With those factors in mind, here are the best cities for getting the best bargain:

1. Cleveland, OH

Cleveland, Ohio
Cleveland, Ohio

  • Number of people per retail store: 308
  • Sales tax: 6.35%
  • Rental vacancy rate: 7.93%
  • Average credit score: 683
  • RPP: 10% below average

A high number of retail stores, mixed with inexpensive prices, helps Cleveland top the list as the best city to shop for deals. Pushing it to the top is the fact Cleveland is home to several malls, including the Westfield Southpark Mall, Beachwood Place, and Legacy Village. This gives you a wide selection and upping the chances that retailers have to keep their prices reasonable to attract shoppers away from their competition and stay in business. Cleveland is also home to the Aurora Farms Premium Outlets, 70 stores offering usually high-priced brand name items at a markdown, all in one place. These stores include Saks Fifth Avenue Off 5th, Ralph Lauren, and Coach. While you're in the area, consider picking up a souvenir, such as earrings in the shape of a guitar pick or a T-shirt of your favorite, old-school band while you’re at The Rock and Roll Hall of Fame in downtown Cleveland.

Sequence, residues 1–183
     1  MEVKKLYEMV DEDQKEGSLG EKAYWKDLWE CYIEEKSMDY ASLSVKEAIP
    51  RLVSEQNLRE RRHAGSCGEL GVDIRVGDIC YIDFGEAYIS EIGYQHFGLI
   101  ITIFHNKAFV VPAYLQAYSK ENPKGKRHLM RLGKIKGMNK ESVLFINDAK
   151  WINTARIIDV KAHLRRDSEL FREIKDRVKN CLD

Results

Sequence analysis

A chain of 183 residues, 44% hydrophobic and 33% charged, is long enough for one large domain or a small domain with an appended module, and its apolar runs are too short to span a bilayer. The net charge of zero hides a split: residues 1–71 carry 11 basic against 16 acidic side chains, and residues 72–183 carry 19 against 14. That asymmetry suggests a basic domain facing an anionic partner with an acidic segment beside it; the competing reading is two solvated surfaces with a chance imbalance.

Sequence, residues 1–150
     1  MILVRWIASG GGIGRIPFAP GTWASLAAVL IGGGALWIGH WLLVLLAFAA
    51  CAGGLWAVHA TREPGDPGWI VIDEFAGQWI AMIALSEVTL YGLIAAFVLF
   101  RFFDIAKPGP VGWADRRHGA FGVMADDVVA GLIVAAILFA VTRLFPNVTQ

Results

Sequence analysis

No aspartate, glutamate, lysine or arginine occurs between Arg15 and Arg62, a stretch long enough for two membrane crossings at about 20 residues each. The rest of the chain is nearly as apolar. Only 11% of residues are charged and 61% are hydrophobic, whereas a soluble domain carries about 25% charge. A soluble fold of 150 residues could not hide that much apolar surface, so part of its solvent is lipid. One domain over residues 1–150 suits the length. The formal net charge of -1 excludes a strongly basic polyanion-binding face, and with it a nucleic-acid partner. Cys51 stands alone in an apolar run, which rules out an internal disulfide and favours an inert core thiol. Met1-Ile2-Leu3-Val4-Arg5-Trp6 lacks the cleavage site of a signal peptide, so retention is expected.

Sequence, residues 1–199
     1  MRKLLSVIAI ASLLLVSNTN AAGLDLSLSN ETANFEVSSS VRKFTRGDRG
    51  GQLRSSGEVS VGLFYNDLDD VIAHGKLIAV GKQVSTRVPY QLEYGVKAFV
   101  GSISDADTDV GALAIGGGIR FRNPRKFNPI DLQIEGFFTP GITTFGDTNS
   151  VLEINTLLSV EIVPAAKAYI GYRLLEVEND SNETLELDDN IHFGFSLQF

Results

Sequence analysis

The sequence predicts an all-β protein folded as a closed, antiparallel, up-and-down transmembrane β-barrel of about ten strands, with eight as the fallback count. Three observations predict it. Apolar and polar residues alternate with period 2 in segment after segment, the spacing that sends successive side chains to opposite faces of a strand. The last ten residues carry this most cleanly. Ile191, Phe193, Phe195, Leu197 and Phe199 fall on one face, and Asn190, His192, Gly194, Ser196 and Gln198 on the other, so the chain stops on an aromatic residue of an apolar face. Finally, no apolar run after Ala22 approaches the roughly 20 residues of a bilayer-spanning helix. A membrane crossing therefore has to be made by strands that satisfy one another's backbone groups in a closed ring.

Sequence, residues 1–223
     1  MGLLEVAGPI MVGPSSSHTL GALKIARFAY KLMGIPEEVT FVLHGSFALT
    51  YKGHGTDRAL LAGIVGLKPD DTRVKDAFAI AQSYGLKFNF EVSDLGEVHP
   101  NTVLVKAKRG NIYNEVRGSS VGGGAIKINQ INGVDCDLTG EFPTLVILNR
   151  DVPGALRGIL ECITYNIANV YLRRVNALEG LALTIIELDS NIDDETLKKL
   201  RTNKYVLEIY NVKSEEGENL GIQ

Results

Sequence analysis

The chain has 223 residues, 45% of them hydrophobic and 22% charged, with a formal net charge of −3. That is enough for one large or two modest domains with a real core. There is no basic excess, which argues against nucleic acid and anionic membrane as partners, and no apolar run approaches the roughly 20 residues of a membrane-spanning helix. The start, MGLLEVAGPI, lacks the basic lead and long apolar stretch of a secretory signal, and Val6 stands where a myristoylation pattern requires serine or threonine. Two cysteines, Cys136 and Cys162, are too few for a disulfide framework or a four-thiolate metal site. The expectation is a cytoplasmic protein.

2. Pittsburgh, PA

Pittsburgh, Pennsylvania
Pittsburgh, Pennsylvania

  • Number of people per retail store: 280
  • Sales tax: 6.2%
  • Rental vacancy rate: 5.5%
  • Average credit score: 693
  • RPP: 7.9% below average

Downtown Pittsburgh has a concentrated area of several shopping places, including locally owned boutiques. It ranked second on the list because of the high number of retail stores in the area compared to the city's population. Because there are so many stores in Pittsburgh, shoppers can find great prices on the things they need and the luxuries they want. Need to give your credit card a break while you shop? Take a step back into the past by walking through Pittsburgh’s historic Market Square for some exercise and people-watching before you take out your wallet again at one of the many nearby restaurants.

3. St. Louis, MO

St Louis, Missouri
St Louis, Missouri

  • Number of people per retail store: 296
  • Sales tax: 9.25%